wouldn’t be able to finish everything? 😛
Adding to this, we enjoyed great sushi in San Diego; the most distinguished difference is also the SIZE of sushi.
Such a nice and large fish slices! The meal cost us more than $100 each; in Japan, something like this may cost more than $200 per person. Duh ….
Ok this report is going COMPLETELY off course. We’re supposed to be reporting about our experience at the conference in San Diego, not what we ate in San Diego. Our Mass++ poster looked like this:
It would have
been nice to include more screenshots, but unfortunately, the codes for
data display had not been implemented yet at that time; we focused on
presenting the newly implemented basic core programs.
However, in the end, we had so many attendees visit our poster that we didn’t even have time for a break, and received more than 10 reprint requests. The last time we presented on Mass++ at the ASMS Conference was in 2013, and we published a paper the following year. We were pleasant with the positive feedback received even after several years since our last appearance to the community, and are hopeful for the further development of ver.4.
We hope to continue to present at the ASMS Conference every year or at least every other year.
To summarize San Diego: Great dishes, we enjoyed them!
Presentations in 2018: Others
In 2018, our only presentation was the poster presentation at the ASMS conference to present Mass++ ver.4. We did however introduce Mass++ (ver.2.7.5) in a scientific book (Introductory textbook for bioinformatics in Japanese language published by Kodan-sha).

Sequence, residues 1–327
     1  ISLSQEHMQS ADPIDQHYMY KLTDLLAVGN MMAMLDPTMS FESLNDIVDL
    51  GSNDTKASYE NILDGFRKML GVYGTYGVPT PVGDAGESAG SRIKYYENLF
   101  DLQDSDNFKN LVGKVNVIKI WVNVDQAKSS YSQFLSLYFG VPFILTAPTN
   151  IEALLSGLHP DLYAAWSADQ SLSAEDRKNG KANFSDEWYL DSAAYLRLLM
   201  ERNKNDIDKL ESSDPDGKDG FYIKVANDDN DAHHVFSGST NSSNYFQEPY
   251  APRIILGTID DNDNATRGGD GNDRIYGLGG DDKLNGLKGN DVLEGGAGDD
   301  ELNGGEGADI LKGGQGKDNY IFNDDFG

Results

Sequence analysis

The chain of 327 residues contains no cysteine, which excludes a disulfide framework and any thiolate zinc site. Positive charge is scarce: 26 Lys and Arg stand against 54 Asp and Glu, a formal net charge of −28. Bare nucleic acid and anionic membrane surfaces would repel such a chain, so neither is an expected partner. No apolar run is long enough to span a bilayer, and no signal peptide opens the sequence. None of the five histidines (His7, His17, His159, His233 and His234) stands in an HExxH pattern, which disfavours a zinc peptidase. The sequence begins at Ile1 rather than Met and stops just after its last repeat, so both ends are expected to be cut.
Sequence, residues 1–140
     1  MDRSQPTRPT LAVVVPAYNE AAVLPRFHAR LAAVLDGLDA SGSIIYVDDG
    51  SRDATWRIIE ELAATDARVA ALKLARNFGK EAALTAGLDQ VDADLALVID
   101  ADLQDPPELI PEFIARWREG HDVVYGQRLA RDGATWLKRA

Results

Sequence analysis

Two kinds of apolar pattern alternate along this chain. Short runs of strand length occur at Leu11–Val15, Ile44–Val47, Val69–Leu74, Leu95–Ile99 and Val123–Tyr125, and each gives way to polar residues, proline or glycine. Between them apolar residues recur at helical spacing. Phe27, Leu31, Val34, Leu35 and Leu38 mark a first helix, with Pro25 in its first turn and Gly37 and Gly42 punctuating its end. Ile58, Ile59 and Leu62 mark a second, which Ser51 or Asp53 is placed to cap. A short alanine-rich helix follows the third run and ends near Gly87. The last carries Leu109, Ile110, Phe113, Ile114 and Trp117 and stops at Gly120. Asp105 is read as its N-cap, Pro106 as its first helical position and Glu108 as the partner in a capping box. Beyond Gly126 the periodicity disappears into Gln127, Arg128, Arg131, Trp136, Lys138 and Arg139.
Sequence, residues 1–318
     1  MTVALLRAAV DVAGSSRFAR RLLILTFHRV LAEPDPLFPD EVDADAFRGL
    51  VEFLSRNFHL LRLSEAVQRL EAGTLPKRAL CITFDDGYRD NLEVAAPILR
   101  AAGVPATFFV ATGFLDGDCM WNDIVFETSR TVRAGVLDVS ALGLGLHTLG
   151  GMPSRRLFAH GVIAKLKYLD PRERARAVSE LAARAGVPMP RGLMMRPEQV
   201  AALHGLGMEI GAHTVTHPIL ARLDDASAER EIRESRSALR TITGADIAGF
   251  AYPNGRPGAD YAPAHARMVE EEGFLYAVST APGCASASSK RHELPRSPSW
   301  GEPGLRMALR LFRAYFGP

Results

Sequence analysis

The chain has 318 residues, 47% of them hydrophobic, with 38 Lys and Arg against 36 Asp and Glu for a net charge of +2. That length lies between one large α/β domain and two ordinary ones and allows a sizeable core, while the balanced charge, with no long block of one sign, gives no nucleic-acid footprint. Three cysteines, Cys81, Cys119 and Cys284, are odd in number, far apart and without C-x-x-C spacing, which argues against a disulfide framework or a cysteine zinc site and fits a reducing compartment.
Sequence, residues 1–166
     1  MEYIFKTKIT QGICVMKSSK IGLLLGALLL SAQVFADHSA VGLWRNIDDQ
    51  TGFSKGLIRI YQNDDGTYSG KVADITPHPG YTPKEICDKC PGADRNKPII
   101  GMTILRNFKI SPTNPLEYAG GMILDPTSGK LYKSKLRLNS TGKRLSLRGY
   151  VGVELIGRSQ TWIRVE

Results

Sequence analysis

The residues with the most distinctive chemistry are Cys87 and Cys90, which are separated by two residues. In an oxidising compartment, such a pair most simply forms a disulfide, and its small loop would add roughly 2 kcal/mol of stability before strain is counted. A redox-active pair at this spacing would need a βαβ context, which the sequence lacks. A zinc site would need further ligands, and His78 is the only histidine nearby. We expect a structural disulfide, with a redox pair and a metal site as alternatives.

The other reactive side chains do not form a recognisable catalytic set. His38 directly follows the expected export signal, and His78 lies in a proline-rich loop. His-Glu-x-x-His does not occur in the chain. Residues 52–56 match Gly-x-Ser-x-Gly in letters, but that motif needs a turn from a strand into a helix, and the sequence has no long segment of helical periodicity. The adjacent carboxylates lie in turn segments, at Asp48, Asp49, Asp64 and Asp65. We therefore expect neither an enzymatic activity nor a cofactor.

(Sample figure (partial, as the figure is copyrighted by Kodan-sha) in the published book. The figure above was provided directly by the corresponding chapter author of this book (me).)
Next time around, we hope to present ver.4!
Agendas for 2019
In 2019, we will continue to develop ver.4 towards implementation of a functional build, and to develop the installer. In particular,
Mass peak annotation
Cooperation with external software (e.g. peak picking)
Improvement of user interface
When these become complete, we can move on to developing the installer.
As we decided to focus on our goals described above, we decided against presenting at the ASMS Conference this year. Our priority was on the solid development of a functional implementation rather than the implementation of an eye-catching presentation-oriented function. We hope to present at ASMS Conference 2020, which will be held in Houston, TX (known for the famous phrase “Houston, we have a problem” – did you know the actual words initially were “Houston, we’ve had a problem”?).
Instead, we are considering to present at the JPrOS (Japanese Proteomics Society, a.k.a. JHUPO) Congress or the HUPO World Congress, as the current development is more related to proteomics than to metabolomics.
Well, when will be able to release the first ver.4 “installer”? That is an exciting yet worrisome question…TBA.